Foundations of Paul's Theology

Paul had perhaps the most dramatic conversion experience in the New Testament, if not in the whole of human history.  He was going to a town to try to kill off a movement, and then all of a sudden the person who he says is not the Messiah appears to him.  That by itself would have been a revelation to Paul.  This was literally his come to Jesus moment.  After his conversion he had to learn the ways of Christianity and that was done through revelation.  In Galatians 1:12 Paul writes, “For I did not receive it from any man, nor was I taught it, but I received it through a revelation of Jesus Christ.” [1] The very center of Paul’s Gospel was the revelation of the risen Lord as revealed to him on Damascus road.  The center was Christ died and he rose from the dead three days later according to the scriptures.  Bruce writes. “This was henceforth the heart of his gospel: he owed it to no witness on earth but to that ‘revelation of Jesus Christ’.”  [2]  Part of this revelation was Paul’s always referring to the church as a body.  “This may go back to the implication of the risen Lord’s complaint: ‘Why do you persecute me’.” [3] Here Christ is including us in his body and we find this in the letters of Paul where he asked is a hand better than a foot and so forth.    This was a huge thing for Paul to grasp.  In his old life he had to maintain the status quo.  In Christ an “existence in which social, racial and other barriers within the human family were done away with.” [4]  In short we are all brothers and sisters in Christ, and need to accept each other as such no matter where we come from or what our past was like.  In Christ we are a new creation, and the difference between Jew and Gentile no longer mattered.  This would help prepare him for all of his great work with the Gentiles.

We are told in scripture that during the fifteen days in Jerusalem Paul met with Peter and James.  Peter was head of the Apostles and James would later become head of the church in Jerusalem.  Of all the people that Christ appeared to after his resurrection he names these two by name.  Paul writes in 1 Corinthians  15 5-7, “And that He appeared to Peter, then the twelve, then He appeared over five hundred brothers at one time, most of whom are still alive, though some have fallen asleep.  The he appeared to James, the to all of the apostles.” [5]  Also in Galatians 1:18-19 Paul writes, “Then after three years I went up to Jerusalem to confer with Peter and remained with him for fifteen days.  But I did not see any other of the Apostles, only James the brother of the Lord.”  [6]  This may sound elementary, but we know because the greatest missionary/evangelist in the history of the Christian church told us so.  If we do not believe him we may as well not believe anything he wrote because we are calling him a liar.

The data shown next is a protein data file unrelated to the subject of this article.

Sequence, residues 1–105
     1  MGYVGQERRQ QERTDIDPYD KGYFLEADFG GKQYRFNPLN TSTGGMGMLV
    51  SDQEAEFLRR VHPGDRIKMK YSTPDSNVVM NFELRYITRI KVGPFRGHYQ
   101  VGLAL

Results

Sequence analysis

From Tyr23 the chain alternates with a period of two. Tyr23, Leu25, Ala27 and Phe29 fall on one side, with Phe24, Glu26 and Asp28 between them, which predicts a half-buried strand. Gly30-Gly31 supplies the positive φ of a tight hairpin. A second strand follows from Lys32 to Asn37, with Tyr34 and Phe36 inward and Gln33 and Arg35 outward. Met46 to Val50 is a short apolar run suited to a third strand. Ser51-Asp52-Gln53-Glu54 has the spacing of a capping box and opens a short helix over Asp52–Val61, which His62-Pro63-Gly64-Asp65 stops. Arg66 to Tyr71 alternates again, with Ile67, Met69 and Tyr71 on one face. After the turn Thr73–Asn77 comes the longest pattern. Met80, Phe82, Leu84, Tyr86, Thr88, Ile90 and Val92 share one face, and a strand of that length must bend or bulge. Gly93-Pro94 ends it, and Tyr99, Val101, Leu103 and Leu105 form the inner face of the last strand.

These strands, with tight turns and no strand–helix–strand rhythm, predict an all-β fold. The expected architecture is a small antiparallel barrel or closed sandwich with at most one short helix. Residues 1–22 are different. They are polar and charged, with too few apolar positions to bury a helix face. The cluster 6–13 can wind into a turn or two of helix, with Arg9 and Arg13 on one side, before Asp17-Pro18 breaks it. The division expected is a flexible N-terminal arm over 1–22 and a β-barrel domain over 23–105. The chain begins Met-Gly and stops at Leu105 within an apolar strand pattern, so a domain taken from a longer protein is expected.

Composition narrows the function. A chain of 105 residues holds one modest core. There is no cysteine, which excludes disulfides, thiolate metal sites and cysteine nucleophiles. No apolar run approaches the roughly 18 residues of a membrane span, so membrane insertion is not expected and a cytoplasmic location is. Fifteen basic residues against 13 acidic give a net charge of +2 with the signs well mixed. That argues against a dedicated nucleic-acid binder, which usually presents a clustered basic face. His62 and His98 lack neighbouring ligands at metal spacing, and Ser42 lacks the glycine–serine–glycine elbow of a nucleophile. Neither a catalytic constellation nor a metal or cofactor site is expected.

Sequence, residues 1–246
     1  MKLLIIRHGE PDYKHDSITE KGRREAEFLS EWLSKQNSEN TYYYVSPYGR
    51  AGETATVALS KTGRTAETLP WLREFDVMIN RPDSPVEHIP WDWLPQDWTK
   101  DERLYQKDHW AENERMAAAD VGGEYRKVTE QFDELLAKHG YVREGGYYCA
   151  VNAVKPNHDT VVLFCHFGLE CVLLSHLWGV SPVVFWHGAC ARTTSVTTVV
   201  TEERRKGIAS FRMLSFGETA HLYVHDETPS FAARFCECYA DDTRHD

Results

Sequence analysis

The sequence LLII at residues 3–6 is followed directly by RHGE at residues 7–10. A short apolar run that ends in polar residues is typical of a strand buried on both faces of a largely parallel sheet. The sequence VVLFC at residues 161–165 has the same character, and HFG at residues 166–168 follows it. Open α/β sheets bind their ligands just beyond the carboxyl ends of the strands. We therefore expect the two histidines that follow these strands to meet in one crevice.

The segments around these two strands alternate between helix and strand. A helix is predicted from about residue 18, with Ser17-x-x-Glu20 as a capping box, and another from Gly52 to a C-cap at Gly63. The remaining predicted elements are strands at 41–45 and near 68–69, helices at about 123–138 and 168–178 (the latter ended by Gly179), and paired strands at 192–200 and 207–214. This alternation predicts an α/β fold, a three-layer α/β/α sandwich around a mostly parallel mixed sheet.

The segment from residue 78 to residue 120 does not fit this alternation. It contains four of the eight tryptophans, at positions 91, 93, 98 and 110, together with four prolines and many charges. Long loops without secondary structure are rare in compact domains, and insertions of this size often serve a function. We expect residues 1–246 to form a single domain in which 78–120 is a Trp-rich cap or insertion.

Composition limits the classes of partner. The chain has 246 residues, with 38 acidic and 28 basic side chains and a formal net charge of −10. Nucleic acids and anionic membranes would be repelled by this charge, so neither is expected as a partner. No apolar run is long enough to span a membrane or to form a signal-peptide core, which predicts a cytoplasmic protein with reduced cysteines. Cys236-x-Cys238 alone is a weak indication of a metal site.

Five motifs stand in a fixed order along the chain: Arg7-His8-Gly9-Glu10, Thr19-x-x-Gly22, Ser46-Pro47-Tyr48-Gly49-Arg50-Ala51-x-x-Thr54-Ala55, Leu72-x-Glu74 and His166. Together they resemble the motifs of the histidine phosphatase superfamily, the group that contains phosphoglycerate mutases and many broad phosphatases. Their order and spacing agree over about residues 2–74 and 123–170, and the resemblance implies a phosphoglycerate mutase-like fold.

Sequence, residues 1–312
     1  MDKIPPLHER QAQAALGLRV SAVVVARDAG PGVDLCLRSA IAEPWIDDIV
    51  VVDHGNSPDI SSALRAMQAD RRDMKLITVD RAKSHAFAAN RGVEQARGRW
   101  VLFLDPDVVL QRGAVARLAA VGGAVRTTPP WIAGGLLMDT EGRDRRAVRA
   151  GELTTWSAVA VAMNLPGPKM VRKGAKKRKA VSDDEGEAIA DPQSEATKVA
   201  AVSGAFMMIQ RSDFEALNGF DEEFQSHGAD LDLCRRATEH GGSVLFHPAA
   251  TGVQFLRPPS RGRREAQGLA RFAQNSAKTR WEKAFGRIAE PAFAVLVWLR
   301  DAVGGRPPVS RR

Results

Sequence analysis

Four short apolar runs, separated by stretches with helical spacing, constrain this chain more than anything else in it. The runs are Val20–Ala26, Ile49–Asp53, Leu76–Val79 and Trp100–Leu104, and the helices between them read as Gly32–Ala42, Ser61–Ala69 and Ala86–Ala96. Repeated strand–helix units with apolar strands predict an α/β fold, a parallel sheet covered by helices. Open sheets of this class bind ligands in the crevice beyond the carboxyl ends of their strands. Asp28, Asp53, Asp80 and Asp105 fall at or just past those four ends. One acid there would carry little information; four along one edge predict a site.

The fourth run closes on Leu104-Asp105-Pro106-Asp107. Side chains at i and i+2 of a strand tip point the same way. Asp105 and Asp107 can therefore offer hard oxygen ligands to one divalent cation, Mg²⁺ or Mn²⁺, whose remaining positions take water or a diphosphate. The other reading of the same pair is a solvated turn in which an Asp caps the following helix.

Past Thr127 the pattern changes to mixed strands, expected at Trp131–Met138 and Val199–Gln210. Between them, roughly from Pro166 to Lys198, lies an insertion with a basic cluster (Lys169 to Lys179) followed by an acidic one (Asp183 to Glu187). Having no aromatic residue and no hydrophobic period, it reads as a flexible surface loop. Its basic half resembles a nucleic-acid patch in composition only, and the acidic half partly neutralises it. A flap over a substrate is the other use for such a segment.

Similarities and differences between tradition and revelation in Paul’s gospel certainly do exist.  Paul received many things by way of tradition.  Some of those things are the following:  “Account of words and actions by the historical Jesus, and guidelines and principles of Christian conduct.”  [7] During his fifteen days with Peter and James they no doubt discussed everything that the Christ said, did, and preached.  That was the only way he was going to get his Christian theology base down pat.  Without these fifteen days we may not have the New Testament that we have today.

Works Cited

[1] Galatians 1:12

[2] Bruce, F. F.  Paul: Apostle of the Heart Set Free.  Grand Rapids, MI: Eerdmans Publishing Company, 1977, 87.

[3]  Ibid, 87.

[4]  Ibid, 87.

[5] 1 Corinthians 15: 5-7

[6] Galatians 1:18-19

[7] Bruce, F. F.  Paul: Apostle of the Heart Set Free.  Grand Rapids, MI: Eerdmans Publishing Company, 1977, 86.

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